Wine From Under The Sea

You’ve probably heard stories about shipwrecks discovered where bottles of wine were found.  Some of the wines uncovered have been 100 years old or more.  There’s been interest in what these wines taste like and how well they did – or didn’t age – in their watery cellars.  That’s the inspiration behind Mira Winery’s “aquaoir,” a clever play on the word terroir, which means how a wine expresses the soil and climate it grows in, among other things.

“Our inspiration was to try something different, so we did an experiment,” says Mira Winery President Jim “Bear” Dyke.  He’s hosting night six of a seven city tour, dubbed the “Are You Dirty or Wet Tour” (they gave out concert t-shirts), a blind tasting of the 2009 Cabernet Sauvignon, one land aged the traditional way, in a dry cellar, and one ocean aged at the bottom of the sea.  To their knowledge, no bottles of Cabernet have ever been ocean aged.

Mira, a Napa Valley winery, invited 15 people in each city:  Charleston, SC, Washington D.C., New York, Palm Beach, Little Rock, San Francisco and Los Angeles to take part in the tasting to find out if there is any difference between the two wines.  Each group was a mix of wine industry professionals – retailers, wholesalers, sommeliers, writers.  I was lucky enough to be invited to the San Fran tasting.

Back in February Mira submerged four cases of its 2009 Napa Valley Cabernet Sauvignon, already bottled but not labeled, 60 feet under Charleston Harbor.  Why there?  “We wanted to find a place where we could keep the temperature constant and keep it at cellar temperature,” says Mira winemaker Gustavo Gonzalez.  Jim happens to live in Charleston, “and he looked on his computer and saw that the water temperature  was 57 degrees, so we said let’s do it in Charleston.”

At this point, both wines had been in bottle for about a year.  Mira typically barrel ages its Cab 18 months in a mix of new and used French oak and bottle ages the wine for 12 months before release.

The bottles were put in protective cages, and instead of foil capsules, they had wax capsules, to protect the corks and to prevent any seepage of salt water into the bottles.  A dive team attached the cages to the bottom of the harbor with screws; the four cages were attached to each other.  Each bottle was attached to a board in a manor that the bottles could move a little with the ebb and flow of the tide.

Three months later they went to recover the bottles.  Jim says they couldn’t find them right away.  They had the surface GPS but not for the sea floor.  They eventually found the cages (whew).  “When the bottles first came up they were covered in barnacles,” says Jim.  “One of the guys started scrubbing that off and I went no stop you are missing part of the point.”  Perhaps that barnacle covering is part of the aquaoir.  There was a bottle on display and from the outside it does look like a bottle that’s been aged a long time.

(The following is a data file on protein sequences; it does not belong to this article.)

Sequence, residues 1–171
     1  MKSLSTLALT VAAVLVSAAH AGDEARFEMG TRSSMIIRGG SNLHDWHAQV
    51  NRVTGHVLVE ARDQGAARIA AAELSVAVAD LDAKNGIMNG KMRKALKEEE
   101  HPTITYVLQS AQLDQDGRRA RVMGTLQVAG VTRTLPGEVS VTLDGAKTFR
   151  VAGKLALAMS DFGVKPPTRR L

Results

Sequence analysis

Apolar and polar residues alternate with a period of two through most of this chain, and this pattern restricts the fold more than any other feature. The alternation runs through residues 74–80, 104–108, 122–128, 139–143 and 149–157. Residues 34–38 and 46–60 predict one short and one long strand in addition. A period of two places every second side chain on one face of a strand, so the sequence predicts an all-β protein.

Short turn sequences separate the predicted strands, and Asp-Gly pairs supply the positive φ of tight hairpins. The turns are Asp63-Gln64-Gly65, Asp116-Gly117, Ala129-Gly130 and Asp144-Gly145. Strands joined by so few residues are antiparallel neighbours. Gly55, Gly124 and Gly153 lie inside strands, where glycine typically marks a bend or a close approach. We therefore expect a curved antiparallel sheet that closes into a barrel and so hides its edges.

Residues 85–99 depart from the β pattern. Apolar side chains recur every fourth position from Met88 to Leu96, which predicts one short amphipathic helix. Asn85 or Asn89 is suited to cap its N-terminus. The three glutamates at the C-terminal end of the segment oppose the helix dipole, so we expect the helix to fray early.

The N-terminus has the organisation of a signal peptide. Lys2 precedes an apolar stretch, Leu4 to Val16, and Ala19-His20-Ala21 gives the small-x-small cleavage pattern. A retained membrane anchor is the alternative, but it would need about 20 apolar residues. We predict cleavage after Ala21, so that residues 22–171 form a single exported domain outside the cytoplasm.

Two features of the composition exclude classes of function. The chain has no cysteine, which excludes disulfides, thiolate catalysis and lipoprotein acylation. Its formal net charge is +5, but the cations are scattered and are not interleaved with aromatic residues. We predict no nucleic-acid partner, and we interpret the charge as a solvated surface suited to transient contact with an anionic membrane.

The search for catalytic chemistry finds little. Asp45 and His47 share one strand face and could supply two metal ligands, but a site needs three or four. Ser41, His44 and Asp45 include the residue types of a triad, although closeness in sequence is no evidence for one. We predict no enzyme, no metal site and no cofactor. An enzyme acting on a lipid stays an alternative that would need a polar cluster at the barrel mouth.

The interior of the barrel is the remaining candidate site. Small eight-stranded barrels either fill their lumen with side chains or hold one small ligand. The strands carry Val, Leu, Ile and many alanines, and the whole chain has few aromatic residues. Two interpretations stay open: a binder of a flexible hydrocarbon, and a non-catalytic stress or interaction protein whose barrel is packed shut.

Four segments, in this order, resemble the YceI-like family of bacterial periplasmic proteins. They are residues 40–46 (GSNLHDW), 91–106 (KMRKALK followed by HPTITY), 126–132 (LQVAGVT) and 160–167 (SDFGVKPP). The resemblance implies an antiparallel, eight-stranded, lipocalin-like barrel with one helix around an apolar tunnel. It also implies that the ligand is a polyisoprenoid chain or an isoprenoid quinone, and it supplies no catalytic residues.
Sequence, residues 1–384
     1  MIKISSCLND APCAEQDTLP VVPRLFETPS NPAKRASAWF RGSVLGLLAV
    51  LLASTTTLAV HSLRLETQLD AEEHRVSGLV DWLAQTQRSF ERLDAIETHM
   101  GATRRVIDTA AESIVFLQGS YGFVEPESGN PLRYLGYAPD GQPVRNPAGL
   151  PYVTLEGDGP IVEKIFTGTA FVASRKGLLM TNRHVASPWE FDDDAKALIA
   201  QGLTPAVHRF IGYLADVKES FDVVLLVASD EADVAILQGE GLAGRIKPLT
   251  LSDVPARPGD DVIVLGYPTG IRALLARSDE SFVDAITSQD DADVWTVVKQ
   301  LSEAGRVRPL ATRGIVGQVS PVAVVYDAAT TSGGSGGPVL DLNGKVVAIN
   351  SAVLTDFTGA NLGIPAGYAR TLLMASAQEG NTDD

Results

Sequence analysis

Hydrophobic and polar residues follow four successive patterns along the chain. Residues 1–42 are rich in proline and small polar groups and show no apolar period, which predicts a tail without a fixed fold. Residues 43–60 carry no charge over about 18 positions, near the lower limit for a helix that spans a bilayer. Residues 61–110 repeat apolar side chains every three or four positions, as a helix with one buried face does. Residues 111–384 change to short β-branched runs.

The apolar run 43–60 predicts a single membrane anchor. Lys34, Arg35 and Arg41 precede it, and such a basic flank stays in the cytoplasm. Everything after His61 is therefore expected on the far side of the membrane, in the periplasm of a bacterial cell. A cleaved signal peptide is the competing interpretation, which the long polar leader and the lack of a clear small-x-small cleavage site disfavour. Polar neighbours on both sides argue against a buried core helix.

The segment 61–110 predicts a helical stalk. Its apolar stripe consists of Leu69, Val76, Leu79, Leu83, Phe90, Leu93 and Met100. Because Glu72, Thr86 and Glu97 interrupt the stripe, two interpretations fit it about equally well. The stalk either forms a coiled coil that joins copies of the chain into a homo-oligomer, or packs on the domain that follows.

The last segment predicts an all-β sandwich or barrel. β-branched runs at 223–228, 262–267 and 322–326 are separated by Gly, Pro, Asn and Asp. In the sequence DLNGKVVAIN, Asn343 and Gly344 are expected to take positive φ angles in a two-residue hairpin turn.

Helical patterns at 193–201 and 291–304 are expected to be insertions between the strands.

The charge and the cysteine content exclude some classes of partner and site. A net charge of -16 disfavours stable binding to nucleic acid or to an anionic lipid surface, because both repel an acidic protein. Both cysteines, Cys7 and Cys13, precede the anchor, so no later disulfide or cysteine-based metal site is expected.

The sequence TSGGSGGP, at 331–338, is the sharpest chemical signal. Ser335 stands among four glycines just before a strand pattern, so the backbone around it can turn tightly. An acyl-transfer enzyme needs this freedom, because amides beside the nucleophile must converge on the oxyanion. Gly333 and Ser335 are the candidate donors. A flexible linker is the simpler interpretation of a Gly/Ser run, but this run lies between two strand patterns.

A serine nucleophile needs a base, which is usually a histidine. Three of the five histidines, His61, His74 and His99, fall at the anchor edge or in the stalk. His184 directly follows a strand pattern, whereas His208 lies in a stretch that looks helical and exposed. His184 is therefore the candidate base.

mira bottle 4mira bottle 2mira bottle 3

What Mira wanted to find out is how the pressure, temperature, tide flow and no light exposure would affect the wine.  Would there be any difference in the ocean aged wine versus the land aged wine?  Would it be a good or bad affect?  That’s what the 15 of us where there to help them determine.

We got down to business and started swirling, sniffing and sipping.  Mira had a questionnaire for us to fill out as we tasted.  First question:  is there a color difference in the two wines, A and B?  I said yes.  B was a little more opaque purple and concentrated.  Second question:  Is there a difference in aroma?  I said yes here too.  B’s nose was more fruit forward; there was a little green on A’s nose.  At this point I was thinking that B was the ocean aged wine.

Next question:  Do you think there will be a difference in taste?  Yes I do.  Our group in San Francisco is the only group to have any tasters, two in this case, who after smelling and sipping the wine said they didn’t think there was any difference between A and B.

Then we got to taste.  For wine A I got blackberry, cassis, herbal notes, cocoa and tannins were present but not too rough.  For wine B I got a more fruit forward wine, no green or herbal notes and bigger tannins, just a more concentrated wine.  For that reason, my answer to the last questions, is A or B the ocean aged wine, I went with A.  It just tasted like a wine that had a little more age on it and my thinking was the ocean aged wine would show a more accelerated aged wine profile.

I was wrong.  B was the ocean aged wine.  The room was split about 50-50 on this, and Gustavo said that’s pretty much how it has played out in the previous five tastings.  “The wine is much more open,” he says, something he think has to do with the pressure under the ocean.  Gustavo also says he prefers the ocean aged wine.  I do too.

Mira bottle 1

Mira is already ocean aging a second batch of wine, this time eight cases of the 2011 Cabernet.  The bottles will stay in the water for six months.  Gustavo expects the results to be different, not only because the wine will age three months longer in the ocean, but it’s also a very different vintage in terms of flavor profile.  They etched the bottles prior to submerging them, so that they can keep more of the barnacles and stuff that attaches to the bottle while aging in the underwater cellar.

I found this fascinating, having gone into the tasting skeptical that this was more a marketing gimmick than anything.  There is a difference in the wine.  The Mira folks are serious about this.  They monitored the bottles every day — tracking stats like temperature, pressure and currents.  They admit it’s not a cost effective method for aging wine, especially on a bigger scale.  But they want to do more experiments and plan to try different varietals and different ocean locations to see what happens.  I look forward to tasting the results.

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